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Sibling-on-sibling bullying can do long-term damage

SIBLINGS FIGHT

Ken Wilcox | CC BY ND 2.0

Zrinka Peters - published on 02/28/18

There are things parents can do when it gets beyond "normal childhood fighting."

Bullying among school-aged kids has been in the headlines a lot in recent years. Although there’s never been a time that kids haven’t picked on each other, maybe it hasn’t always been as bad as the “one in four’”or “one in three” ratio of school-aged kids that have reported being bullied in recent years. Bullying-prevention programs, combined with a greater awareness of and attention paid to bullying, seem to be helping somewhat, although the more recent phenomenon of cyberbullying has compounded the problem. Two steps forward, one step back.

But what about sibling-on-sibling bullying? All siblings fight sometimes. My own kids at times pick on each other so relentlessly that I’m convinced they are doing it not so much to annoy their sibling as to entertain themselves by watching me crack.

But when does a typical spat between brothers or sisters cross the line into bullying? And what are the effects if it does?


BULLYING,SCHOOL

Read more:
Preventing bullying and isolation is easier than you think

Recent research set out to answer these questions. Bullying differs from typical sibling conflicts “by being repetitive, having purposeful, negative and hurtful intent, and reflecting a power differential between the person doing the bullying and the victim.” So, if little brother perceives that big sister is picking on him, repeatedly and hurtfully, and she is older or more powerful than him in some way, that behavior meets the definition of bullying.

Typical sibling conflict, in which brothers or sisters fight and then are laughing together again shortly after, are not normally a cause for concern, because of the basic underlying dynamic of warmth, trust and friendship that exists between them.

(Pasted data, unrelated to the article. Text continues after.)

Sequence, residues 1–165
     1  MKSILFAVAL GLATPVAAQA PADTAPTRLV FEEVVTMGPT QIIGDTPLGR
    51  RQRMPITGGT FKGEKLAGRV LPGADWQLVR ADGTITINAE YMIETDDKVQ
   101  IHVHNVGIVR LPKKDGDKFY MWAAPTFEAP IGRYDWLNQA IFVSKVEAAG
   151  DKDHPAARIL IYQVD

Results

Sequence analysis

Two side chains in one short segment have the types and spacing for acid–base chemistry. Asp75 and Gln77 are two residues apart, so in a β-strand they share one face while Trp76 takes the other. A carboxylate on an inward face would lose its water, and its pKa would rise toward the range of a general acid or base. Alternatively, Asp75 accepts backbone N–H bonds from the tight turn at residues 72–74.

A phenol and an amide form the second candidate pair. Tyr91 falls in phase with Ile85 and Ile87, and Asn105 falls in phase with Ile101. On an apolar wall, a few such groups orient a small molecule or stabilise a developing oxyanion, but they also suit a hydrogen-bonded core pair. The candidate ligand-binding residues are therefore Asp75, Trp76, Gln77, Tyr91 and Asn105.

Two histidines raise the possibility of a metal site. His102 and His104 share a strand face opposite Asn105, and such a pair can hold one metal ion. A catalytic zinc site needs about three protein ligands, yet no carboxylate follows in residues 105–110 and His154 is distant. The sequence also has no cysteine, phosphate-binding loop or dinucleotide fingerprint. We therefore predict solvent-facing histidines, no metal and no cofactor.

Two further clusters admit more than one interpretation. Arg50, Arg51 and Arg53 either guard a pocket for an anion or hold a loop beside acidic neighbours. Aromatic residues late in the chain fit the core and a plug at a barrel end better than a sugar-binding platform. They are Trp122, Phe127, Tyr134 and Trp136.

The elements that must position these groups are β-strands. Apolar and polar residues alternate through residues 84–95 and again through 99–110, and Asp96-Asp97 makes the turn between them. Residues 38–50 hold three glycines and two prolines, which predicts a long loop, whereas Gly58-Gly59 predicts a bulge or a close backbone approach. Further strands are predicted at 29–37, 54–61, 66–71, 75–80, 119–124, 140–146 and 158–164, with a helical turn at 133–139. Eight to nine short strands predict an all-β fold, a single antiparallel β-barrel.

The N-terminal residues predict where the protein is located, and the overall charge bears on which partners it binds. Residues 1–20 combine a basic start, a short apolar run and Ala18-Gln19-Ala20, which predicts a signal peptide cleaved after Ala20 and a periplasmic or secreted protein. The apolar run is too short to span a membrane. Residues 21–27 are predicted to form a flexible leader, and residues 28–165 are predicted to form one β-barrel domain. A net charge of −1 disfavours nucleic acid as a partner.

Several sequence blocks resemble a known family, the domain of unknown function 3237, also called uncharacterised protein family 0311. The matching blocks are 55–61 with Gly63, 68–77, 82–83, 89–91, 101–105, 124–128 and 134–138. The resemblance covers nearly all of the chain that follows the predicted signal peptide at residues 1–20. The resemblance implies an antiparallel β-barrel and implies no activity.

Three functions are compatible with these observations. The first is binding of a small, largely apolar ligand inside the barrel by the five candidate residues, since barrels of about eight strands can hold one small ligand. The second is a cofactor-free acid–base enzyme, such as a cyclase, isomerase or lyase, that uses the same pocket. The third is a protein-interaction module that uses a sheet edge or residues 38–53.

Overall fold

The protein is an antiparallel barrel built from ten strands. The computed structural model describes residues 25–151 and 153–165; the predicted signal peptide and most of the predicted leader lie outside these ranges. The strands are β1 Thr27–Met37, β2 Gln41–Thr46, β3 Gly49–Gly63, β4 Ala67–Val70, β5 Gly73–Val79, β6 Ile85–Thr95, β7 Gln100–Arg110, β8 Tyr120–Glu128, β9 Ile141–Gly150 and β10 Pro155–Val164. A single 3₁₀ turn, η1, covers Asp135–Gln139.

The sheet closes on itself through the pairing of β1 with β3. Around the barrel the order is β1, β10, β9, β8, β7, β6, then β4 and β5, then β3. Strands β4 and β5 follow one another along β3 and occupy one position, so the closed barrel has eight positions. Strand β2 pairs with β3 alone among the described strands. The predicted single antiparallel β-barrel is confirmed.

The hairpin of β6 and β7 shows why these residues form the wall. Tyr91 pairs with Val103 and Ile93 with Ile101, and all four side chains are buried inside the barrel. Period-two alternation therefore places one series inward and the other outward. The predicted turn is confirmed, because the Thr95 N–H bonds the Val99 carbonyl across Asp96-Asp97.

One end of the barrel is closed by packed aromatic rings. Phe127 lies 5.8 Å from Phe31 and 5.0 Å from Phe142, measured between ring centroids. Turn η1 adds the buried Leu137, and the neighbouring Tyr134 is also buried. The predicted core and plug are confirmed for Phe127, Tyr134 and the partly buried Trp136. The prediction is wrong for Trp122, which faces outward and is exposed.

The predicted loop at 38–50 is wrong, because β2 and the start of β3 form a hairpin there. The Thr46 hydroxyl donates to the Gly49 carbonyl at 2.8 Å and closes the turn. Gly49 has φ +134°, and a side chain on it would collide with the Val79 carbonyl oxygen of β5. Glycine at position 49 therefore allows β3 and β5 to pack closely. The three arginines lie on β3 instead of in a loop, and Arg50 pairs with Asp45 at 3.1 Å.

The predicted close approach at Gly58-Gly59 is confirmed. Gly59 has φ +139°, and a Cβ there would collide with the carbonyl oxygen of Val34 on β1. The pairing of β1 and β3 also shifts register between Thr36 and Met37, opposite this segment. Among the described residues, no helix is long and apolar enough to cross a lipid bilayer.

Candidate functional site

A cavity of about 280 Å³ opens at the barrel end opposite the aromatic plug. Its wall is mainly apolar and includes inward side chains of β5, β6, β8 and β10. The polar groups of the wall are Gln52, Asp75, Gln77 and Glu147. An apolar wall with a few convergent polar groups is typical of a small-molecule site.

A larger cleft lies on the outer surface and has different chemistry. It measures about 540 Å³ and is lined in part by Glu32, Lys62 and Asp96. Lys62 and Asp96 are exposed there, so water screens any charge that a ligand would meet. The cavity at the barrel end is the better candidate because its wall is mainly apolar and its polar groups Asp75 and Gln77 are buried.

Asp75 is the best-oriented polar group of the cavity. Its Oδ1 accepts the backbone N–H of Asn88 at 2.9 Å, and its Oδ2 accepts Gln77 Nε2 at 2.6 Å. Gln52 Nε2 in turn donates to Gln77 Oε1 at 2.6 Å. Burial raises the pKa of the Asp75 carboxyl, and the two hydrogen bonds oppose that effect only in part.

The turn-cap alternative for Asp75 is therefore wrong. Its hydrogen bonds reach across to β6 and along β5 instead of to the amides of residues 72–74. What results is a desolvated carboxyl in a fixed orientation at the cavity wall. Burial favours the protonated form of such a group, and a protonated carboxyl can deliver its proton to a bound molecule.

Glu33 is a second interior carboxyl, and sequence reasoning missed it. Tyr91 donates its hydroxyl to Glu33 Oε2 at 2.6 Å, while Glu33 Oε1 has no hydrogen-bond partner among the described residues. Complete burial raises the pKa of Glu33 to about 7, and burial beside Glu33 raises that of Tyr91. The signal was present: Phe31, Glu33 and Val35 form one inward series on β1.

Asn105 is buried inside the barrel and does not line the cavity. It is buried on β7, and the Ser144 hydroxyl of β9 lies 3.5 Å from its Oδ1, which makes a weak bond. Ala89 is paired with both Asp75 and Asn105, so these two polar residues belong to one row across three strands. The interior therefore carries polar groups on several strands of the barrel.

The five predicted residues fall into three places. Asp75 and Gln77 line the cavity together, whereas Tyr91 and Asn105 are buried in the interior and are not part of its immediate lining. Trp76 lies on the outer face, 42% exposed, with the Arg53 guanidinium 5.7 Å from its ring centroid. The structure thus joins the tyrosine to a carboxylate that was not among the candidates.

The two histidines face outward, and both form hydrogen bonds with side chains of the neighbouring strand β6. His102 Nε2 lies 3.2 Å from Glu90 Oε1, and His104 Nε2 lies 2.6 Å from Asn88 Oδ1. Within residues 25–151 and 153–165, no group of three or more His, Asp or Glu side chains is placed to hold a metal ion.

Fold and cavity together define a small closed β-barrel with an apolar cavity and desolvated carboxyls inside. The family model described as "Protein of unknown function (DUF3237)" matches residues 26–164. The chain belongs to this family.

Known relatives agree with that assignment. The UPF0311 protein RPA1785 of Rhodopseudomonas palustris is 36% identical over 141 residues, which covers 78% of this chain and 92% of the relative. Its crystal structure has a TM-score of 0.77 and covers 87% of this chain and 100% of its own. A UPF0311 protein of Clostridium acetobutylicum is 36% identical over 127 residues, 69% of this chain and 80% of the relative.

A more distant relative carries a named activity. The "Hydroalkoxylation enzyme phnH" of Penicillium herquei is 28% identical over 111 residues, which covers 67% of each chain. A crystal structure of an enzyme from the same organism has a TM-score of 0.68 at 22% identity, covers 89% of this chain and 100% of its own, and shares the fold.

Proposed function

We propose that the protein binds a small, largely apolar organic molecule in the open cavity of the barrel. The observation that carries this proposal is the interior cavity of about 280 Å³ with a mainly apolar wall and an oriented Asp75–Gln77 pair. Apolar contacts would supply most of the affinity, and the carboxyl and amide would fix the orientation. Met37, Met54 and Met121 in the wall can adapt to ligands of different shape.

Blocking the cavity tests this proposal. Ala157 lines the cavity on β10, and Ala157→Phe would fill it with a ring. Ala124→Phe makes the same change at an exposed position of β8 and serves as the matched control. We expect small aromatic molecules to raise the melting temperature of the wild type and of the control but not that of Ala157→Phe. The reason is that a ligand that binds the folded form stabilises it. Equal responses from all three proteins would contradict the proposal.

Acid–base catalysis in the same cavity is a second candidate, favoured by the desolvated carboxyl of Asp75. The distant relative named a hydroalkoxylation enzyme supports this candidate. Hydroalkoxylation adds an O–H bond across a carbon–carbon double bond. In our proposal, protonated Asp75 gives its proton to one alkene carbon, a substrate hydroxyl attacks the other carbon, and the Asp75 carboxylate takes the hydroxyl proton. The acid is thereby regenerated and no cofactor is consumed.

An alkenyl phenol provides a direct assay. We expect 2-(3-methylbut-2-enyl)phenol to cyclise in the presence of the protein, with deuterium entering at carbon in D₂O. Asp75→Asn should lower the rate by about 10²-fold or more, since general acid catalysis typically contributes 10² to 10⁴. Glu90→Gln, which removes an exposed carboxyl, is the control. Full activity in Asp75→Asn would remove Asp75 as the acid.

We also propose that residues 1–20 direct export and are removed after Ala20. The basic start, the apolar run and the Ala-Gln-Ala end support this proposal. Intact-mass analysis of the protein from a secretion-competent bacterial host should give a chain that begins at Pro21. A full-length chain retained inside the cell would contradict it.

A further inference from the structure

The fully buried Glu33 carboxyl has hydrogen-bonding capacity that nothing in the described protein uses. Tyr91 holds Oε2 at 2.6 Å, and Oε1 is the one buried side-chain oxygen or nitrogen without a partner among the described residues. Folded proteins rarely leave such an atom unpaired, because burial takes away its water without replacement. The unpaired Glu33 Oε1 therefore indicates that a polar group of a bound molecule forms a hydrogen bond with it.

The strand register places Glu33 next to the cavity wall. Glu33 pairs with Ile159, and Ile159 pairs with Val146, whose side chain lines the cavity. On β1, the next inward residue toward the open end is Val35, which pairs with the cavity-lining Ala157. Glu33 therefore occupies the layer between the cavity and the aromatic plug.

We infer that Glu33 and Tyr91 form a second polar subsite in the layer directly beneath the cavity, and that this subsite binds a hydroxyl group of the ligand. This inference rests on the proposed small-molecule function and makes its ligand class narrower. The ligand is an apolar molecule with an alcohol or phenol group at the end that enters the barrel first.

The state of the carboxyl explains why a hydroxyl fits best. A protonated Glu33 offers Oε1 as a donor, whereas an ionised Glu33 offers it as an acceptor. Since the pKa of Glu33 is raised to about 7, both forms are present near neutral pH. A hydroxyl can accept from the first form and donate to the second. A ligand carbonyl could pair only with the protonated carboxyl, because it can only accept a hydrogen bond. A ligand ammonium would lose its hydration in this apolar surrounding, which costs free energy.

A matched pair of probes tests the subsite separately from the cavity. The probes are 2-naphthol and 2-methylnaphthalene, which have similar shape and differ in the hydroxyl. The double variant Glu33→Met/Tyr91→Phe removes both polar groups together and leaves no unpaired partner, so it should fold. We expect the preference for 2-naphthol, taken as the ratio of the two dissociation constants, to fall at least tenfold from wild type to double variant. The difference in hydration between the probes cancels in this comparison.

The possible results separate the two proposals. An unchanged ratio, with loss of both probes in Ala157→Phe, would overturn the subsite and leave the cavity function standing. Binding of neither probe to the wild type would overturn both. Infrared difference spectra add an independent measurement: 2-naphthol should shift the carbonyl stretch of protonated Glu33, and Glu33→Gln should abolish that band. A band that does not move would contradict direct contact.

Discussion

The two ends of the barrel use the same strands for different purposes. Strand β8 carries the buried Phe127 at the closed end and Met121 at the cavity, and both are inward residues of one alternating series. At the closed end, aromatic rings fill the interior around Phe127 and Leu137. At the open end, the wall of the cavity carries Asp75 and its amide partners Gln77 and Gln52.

Sibling bullying, on the other hand, is a serious problem. In one study, almost 20 percent of participants said their siblings “always” or “frequently” bullied them. Apparently this problem is far from rare. And sibling bullying is associated with anxiety, depression and social stress even above and beyond peer bullying. Unfortunately, sibling bullying appears to be even more harmful than peer bullying, causing more severe psychological harm. The cliche that “those closest to us can hurt us the most” again proves true.

Other research shows that people who were bullied by their siblings as children are up to three times more likely to develop psychotic disorders such as schizophrenia in early adulthood, and the more frequent the bullying, the more likely the disorders are to occur. As one of the study authors points out, “Children spend substantial time with their siblings in the confinement of their family home and if bullied and excluded, this can lead to social defeat and self-blame and serious mental health disorder.” If a child is bullied at school and at home, it’s a double whammy; that child may not have any safe places left.

What can parents do if they sense that conflict between their children has moved beyond the normal childhood fighting and crossed over into an ugly, extended pattern of bullying? The sometimes-heard advice to “leave them alone and they’ll figure it out” falls flat in these cases. If there is a persistent problem then it is time for parents to get involved and not ignore it.

Christine K. Malecki, Ph.D., and Michelle K. Demaray, Ph.D, offer 5 tips to help parents navigate this rocky interpersonal terrain.

  1. Don’t ignore or diminish fighting among siblings.
  2. Model empathy for the sibling who has been hurt and encourage perspective taking.
  3. Provide extra supervision when you know there is an ongoing confrontation.
  4. Help the sibling that is often the target of bullying identify strategies to deal with their sibling.
  5. Create an overall environment in the home that does not condone or allow repeated acts of meanness toward each other.



Read more:
Pope: Bullying is the work of Satan, who has no compassion

Tags:
Psychology
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